Why Cats Overgroom and How You Can Stop It

Natalie Stilwell, DVM, MS, PhD
By Natalie Stilwell, DVM, MS, PhD on Jul. 25, 2019

It’s normal for cats to groom on a regular basis. After all, cat self-grooming is an important behavior that helps cats remove loose hair, dirt, and parasites from their coat.

Cats typically spend up to 50% of their waking hours grooming, but excessive amounts of licking, biting, chewing, or scratching may mean that your cat’s self-grooming habits have become problematic.

If your cat is licking too much, they can lose fur in strips along their back, belly, or inner legs. The affected areas may be completely bare or have very short stubble. Your cat may also have an unusually high number of hairballs.

Here are some common reasons for excessive licking in cats and what you can do to help.

Why Do Cats Overgroom?

To help manage your cat’s overgrooming habits, you need to understand what’s causing the excessive licking in the first place. Your veterinarian can address the underlying issues.

Here are the most common health conditions that can lead to excessive cat self-grooming.

Allergy or Infection

Irritated skin can be caused by an infection, an allergy to certain foods, parasites, or substances in the environment. Your cat’s fur-loss pattern may even hint at the source of the problem:

  • Flea allergy: irritation at the base of the tail

  • Ear mites: hair loss and scabbing on the neck and ears

  • Allergic response to pollen: excessive chewing of the paw pads


Overgrooming can also indicate that your cat is experiencing pain or discomfort, particularly if she is repeatedly licking one area of her body.

For example, disc disease can cause back pain so that your cat overgrooms a certain spot on their back, while a urinary tract infection or anal sac impaction may encourage excessive grooming of the genitals or perianal area.  

Stress or Boredom 

Some cats use overgrooming as a way to cope with stress or boredom.

It is thought that licking releases endorphins that help relieve anxiety, so when a stressed cat finds relief in licking, it can turn into a habit.

Compulsive grooming, known as psychogenic alopecia, is usually triggered by a change in the cat’s daily routine or environment, such as moving to a new house or the arrival of a new family member or pet. Cats are very observant and may even feed off of our stress levels.

Cats are also highly intelligent and prone to boredom if their daily routine lacks proper enrichment. This cause of overgrooming is especially common in indoor cats that are alone for a large portion of the day.

In these cases, grooming helps make up for the lack of mental or physical stimulation.

This condition can be seen in any breed but is most common in SiameseAbyssinianBurmese, and Himalayan cats, due to their sensitive and attention-demanding dispositions.  

How to Stop Your Cat From Overgrooming

The key to managing excessive grooming is to first address the underlying cause. Your veterinarian can diagnose the root cause and provide medical treatment or suggestions for deterring the habit if it’s behavioral.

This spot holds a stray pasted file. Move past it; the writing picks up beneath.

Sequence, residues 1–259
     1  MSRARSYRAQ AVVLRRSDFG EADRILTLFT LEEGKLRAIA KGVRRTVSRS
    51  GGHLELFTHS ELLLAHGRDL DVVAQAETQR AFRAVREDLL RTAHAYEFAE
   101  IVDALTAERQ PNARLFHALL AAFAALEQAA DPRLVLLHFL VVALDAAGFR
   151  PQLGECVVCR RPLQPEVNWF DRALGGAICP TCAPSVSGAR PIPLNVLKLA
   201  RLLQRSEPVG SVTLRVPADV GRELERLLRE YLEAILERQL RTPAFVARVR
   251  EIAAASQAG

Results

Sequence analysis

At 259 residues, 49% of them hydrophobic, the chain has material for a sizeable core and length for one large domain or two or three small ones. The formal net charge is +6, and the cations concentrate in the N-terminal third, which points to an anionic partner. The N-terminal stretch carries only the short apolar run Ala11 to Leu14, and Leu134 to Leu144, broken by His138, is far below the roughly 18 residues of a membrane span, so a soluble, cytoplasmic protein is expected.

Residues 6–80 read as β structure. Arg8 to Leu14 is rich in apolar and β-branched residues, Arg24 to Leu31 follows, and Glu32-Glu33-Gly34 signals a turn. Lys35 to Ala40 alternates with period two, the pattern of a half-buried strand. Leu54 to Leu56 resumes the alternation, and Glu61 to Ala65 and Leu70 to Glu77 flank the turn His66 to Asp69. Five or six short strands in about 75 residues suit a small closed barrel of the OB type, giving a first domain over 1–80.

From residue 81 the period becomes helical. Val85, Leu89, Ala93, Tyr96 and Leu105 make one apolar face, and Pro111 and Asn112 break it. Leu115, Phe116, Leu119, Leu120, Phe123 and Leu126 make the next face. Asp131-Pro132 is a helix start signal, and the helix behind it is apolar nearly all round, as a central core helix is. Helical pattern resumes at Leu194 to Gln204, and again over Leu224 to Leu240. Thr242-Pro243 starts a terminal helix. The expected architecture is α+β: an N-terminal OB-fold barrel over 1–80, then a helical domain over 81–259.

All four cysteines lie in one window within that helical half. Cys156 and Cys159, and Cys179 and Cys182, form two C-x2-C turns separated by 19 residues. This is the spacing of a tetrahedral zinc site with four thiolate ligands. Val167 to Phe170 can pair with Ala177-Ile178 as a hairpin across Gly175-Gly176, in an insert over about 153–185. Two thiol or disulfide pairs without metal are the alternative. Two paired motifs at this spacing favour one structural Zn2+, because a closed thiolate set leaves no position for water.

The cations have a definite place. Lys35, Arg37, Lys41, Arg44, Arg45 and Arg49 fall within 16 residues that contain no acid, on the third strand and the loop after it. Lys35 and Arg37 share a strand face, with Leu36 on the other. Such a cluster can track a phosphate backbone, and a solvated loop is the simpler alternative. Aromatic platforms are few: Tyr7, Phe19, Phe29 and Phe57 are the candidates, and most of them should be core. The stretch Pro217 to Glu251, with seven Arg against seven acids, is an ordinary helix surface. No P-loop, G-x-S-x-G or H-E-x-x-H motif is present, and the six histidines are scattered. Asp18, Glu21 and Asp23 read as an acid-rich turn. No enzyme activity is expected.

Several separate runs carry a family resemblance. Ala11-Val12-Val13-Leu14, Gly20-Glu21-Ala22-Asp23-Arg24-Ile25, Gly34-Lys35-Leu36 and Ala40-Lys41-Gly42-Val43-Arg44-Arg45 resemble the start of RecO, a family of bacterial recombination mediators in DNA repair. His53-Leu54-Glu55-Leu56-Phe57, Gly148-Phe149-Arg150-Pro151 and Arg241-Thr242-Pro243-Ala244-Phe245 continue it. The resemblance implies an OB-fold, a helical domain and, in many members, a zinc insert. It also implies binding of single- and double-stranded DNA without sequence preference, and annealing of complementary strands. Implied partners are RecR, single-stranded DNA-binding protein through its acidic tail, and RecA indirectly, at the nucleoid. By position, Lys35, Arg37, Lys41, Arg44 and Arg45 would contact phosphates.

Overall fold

Look for Medical Issues (Take Your Cat to the Vet)

First, your veterinarian will need to rule out medical problems.

Infections or allergies can be treated with the appropriate medications, which (depending on the cause) may include antibiotics, antihistamines, and/or anti-inflammatory drugs.

Keep your cat on flea medication year-round to help with flea allergies and ear mites.

If your cat is in pain, your vet can determine what’s causing it and how to manage the pain.

Maintain Routines to Reduce Stress

Cats love routine, so if the hair loss is stress-related, try to create a comfortable environment and a predictable schedule. Change the litter box at least once a day, and feed your kitty at the same times every day.

It’s best to incorporate changes gradually, such as the introduction of a new pet or changes in your living situation, to limit the amount of stress for your cat.

Provide Mental and Physical Stimulation

Be sure to provide environmental enrichment for your cat with cat trees, different types of toys, scratching posts, and frequent opportunities for play. This will help your cat build confidence and distract her from obsessively grooming.

Try Cat Calming Medications and Products 

Cats with persistent anxiety may benefit from anti-anxiety medications and/or supplements. You will need a vet’s prescription for medications, and calming supplements are available over the counter in the form of treats.

You can also try sprays and plug-in diffusers that disperse synthetic cat pheromones. Talk to your vet about the best course of treatment.

Be Patient With Your Cat 

Finally, the most important part of managing overgrooming is to be patient.

If you see your cat licking excessively, don’t punish her or try to interfere. This will only add to your cat’s stress and make her overgrooming problem worse.

After you’ve sought help from your vet, it may take a month or so for an overgrooming behavior to resolve, and even longer for your cat’s fur to grow back.

Featured Image: iStock.com/Konstantin Aksenov

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Natalie Stilwell, DVM, MS, PhD


Natalie Stilwell, DVM, MS, PhD


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